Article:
KEMRI: Ongoing strike is impeding health research
18 December 2013, 12:12
Busia - Kenya Medical Research Institute (KEMRI) has been greatly affected by the ongoing health workers strike as the situation impedes the Institute's ability to carry out health research in health facilities.
Chairperson of KEMRI Board of Management, Ruth Nduati, said that their work that entails following patients in hospitals and back to the communities collecting samples before carrying out studies on them has been greatly affected for the past eight days.
"If the hospitals are not functional, we are very concerned since it impedes our ability to do research," She said.
Speaking at KEMRI headquarters in Busia after receiving an ISO certification, Nduati termed the act by health workers as an injustice because individuals with chronic illnesses are not able to access treatment in public health facilities, resulting in deaths.
However, she challenged scientists to further expand research saying that the KEMRI's budget for a whole year amounts to KES 18 billion where a great percentage is spend on drugs that come out of the country.
Nduati reiterated that there is need for the government to put in more resources in the sector, calling for collaboration among researchers worldwide in order to curb killer diseases such as malaria.
"Drug resistance is a major problem in management of diseases and malaria drug resistance research is something that KEMRI is actively involved in currently," She added.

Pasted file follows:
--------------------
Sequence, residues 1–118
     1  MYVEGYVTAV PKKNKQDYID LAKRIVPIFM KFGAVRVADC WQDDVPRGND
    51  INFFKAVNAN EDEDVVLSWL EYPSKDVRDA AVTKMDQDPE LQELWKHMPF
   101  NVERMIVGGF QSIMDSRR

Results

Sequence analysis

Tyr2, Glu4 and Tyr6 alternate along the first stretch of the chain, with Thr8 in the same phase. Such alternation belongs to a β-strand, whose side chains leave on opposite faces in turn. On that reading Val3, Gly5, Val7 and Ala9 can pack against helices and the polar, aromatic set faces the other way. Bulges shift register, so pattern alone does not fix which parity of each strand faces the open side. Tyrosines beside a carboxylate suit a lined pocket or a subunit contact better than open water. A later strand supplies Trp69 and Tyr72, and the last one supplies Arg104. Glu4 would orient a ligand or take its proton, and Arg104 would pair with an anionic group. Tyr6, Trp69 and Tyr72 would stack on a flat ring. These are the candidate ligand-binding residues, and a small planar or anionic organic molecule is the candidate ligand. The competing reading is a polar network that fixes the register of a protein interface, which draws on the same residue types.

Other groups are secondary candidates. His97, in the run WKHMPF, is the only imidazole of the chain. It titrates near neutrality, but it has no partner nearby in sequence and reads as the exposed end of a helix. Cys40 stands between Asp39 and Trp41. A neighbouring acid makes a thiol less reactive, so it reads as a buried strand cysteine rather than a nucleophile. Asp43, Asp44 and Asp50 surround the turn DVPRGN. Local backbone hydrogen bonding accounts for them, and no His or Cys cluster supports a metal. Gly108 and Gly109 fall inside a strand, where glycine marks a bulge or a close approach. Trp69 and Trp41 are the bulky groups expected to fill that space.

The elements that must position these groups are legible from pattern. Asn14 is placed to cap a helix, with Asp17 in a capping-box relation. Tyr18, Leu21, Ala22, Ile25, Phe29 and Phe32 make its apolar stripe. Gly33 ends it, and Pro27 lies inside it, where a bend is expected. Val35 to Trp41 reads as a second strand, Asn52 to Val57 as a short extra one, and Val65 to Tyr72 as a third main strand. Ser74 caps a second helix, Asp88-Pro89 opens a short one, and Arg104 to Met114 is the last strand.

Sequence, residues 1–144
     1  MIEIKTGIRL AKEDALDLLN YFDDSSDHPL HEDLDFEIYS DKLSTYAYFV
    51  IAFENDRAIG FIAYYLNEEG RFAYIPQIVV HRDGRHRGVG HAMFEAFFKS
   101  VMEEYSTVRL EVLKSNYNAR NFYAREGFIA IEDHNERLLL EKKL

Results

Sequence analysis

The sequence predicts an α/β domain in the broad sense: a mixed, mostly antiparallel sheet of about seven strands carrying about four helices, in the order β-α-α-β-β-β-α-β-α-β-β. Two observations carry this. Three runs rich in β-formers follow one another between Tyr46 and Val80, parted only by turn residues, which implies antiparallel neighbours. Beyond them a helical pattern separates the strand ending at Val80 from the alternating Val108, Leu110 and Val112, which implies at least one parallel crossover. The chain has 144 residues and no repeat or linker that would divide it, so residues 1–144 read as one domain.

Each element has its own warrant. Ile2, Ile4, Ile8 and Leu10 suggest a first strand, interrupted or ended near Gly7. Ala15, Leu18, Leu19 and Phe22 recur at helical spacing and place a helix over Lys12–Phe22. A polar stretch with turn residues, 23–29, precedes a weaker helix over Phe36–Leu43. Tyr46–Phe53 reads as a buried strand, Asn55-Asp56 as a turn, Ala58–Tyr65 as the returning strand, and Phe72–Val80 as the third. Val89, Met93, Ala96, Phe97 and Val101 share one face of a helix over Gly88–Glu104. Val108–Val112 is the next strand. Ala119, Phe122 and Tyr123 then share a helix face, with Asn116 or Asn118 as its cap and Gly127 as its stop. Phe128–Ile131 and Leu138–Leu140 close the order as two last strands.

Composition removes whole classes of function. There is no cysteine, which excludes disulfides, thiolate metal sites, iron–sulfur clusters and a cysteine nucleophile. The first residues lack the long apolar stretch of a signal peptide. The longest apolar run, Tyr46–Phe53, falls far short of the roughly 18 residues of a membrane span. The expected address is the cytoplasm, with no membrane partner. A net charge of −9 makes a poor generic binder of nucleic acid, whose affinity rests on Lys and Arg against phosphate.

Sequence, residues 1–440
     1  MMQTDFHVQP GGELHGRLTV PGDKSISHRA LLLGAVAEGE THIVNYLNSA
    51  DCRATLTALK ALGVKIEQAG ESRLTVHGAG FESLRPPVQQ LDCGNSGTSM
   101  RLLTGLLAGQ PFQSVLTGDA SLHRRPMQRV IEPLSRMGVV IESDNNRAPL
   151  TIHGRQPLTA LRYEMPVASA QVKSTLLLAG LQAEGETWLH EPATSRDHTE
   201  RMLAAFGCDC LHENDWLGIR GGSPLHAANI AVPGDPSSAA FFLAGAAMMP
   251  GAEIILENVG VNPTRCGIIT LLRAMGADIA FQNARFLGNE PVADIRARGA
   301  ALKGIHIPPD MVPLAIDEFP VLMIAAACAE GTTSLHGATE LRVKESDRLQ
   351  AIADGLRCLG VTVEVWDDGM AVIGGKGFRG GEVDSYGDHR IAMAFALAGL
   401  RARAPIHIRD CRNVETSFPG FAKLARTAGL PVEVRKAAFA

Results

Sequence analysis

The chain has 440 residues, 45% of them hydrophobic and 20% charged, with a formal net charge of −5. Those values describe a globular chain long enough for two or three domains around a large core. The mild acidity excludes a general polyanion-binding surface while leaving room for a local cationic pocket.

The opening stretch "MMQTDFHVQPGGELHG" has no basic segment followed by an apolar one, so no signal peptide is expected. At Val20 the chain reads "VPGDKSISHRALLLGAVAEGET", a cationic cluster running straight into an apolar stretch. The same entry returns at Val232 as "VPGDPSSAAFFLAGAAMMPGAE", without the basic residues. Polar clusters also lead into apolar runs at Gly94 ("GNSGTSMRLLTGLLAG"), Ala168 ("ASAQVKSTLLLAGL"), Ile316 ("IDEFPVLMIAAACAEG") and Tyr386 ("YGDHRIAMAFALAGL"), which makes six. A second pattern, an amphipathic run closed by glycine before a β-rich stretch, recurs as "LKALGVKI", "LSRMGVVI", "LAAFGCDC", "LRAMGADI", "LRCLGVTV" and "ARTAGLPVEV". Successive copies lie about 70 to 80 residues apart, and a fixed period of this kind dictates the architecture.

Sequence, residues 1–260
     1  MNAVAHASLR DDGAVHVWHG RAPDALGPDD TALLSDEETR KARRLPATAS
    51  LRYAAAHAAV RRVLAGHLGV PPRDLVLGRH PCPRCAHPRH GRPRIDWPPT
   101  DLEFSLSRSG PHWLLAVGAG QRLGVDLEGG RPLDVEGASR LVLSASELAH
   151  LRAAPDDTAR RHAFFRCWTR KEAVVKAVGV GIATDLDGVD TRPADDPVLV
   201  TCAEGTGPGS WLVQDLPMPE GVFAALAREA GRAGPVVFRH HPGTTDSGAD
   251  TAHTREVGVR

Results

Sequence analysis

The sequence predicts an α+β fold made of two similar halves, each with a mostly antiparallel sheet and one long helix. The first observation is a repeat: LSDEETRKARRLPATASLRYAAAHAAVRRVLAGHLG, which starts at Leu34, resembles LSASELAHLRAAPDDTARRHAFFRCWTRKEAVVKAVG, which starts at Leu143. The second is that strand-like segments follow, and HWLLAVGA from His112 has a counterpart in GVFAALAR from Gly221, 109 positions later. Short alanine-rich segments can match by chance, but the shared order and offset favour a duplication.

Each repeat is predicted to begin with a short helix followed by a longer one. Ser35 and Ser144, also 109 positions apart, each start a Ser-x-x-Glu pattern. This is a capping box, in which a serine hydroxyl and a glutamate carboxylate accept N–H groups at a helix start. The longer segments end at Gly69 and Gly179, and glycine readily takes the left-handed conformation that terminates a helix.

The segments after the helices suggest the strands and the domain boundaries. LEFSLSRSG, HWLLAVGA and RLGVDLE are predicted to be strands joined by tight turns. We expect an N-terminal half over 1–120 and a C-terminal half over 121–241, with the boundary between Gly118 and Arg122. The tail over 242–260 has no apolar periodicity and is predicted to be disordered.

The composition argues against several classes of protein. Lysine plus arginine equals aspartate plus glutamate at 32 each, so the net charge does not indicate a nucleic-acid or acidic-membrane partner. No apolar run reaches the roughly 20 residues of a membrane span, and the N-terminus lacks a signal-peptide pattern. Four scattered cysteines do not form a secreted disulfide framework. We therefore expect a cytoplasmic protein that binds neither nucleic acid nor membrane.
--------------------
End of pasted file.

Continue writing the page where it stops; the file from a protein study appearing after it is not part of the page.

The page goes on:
The chairperson stressed that they have scientists who are looking only at the parasite and the vector because that has become a major problem in the country.
"Malaria is a challenge but we are actively making sure that we are monitoring drug resistance, and we have in the past advised the government on appropriate use of malaria drugs," She observed.
KEMRI Director, Professor Solomon Mpoke, said that they are participating in a multi-country malaria vaccine trial involving 11 cites in Africa, with three of the cites being hosted by KEMRI.
"We have released very important results recently showing efficacy of up to 50 percent reduction in child deaths due to malaria, and that is a significant achievement," said Mpoke.
He said that they have also carried out research on HIV and that results show the transmission of the virus among discordant couples can be reduced by up to 96 percent.
He added that the Institute is working on TB in a bid to reduce treatment from the current six months to four months.
"The ultimate goal is to reduce the treatment period for these diseases because it means reduction in hospitalisation, cost and possibility to make sure that there is no development of drug resistance, as this is a major challenge in management of diseases," Mpoke stated.
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